I had an Epson a few years ago that cost about as much as two of its cartridges. It refused to print in black when one of the color cartridges ran out. There's simply no excuse for that. Although I liked Epson in the old dot-matrix days, that's when I decided never to buy anything Epson ever again.

Comment Oh, Brother! - another ink scam (Score 1) 381

After becoming disgusted with the price of inkjet cartridges, I bought a brother MFC-9320CW, which is a very capable multi-function color laser printer. The current cost is about $800 which seems moderate for all it can do. However, I found that I immediately had to buy $150 of replacement cartridges for it because it comes with "teaser" cartridges that don't only work for a ridiculously short time. And the replacement cartridges didn't last long either.

I wasn't happy about that, but I soon discovered that the cartridges have a "flag gear" on them that the printer uses to prevent you from using all the ink in the cartridge - it simply refuses to print. But you can reset the flag gear about three times before the cartridge is truly empty. (Search for "TN-210" on YouTube to see a video about resetting the flag gears - it only takes a couple of minutes once you get good at it.)

The teaser cartridges don't come with flag gears, but those can be bought separately for about $3 per cartridge. You can also buy a cartridge refill kit for about $30 that will refill two blacks and one each of the three colors. This is a bit of trouble (and mess), but it does work. (I never had any luck refilling inkjet cartridges.)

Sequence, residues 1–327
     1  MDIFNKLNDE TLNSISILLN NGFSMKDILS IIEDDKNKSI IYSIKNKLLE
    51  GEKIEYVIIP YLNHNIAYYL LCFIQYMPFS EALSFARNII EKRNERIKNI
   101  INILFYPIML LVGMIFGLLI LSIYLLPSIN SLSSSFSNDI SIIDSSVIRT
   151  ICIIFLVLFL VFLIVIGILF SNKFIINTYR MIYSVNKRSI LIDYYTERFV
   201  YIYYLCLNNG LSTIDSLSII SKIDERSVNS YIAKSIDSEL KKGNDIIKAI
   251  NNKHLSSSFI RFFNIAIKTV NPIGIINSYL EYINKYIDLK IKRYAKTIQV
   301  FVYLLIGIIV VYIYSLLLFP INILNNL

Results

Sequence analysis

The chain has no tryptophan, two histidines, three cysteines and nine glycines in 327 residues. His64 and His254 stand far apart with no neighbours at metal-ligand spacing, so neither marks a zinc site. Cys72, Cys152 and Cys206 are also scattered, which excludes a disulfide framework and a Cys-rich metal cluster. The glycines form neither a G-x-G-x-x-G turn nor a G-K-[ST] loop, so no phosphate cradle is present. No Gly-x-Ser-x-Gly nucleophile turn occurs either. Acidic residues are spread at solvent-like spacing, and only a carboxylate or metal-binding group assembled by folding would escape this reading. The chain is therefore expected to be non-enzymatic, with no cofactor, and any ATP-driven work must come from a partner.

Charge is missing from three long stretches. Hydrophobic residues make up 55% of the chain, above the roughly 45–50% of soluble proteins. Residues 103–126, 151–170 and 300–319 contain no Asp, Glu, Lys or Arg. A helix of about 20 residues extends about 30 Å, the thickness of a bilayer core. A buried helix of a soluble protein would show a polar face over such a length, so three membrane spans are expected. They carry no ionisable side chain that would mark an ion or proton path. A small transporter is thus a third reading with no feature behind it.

The printer is such a tank that I suspect that Brother loses money on the printer itself. So, if you like to beat the system and don't mind a little trouble (and mess), the method here would be:
- buy the printer at the typical loss-leader price
- buy flag gears for the teaser cartridges and learn how to install/reset them via YouTube
- buy refill kits to refill the teaser cartridges and keep refilling them as shown on YouTube

Alternatively, you could by third-party used cartridges. Resetting the flag gear still would be an essential skill, though.

Comment The Time Bandits test (Score 2) 401

From Time Bandits:

Kevin: Yes, why does there have to be evil?
Supreme Being: I think it has something to do with free will.

Yet the questions in the article didn't seem to cover the subject of "evil". Can a phone with supposed free will do evil, or is it just infected with a bug or virus? Here's Jessica Rabbit's take:

I'm not bad. I'm just drawn that way.

Like many cartoon characters, Jessica evidently is sentient, yet she lacks free will. Silly wabbit.

Comment Re:What purpose does HFT serve? (Score 1) 321

Like all forms of mechanical trading, it serves the useful purpose of distracting folks from Value Investing. Since Value Investing wouldn't work if all investors practiced it faithfully, all such distractions are a good thing for us Value Investors. I'm all in favor of it.

It's notable that none of the world's most successful investors use this trading technique or any other. See Warren Buffet's classic article The Superinvestors of Graham-and-Doddsville for details.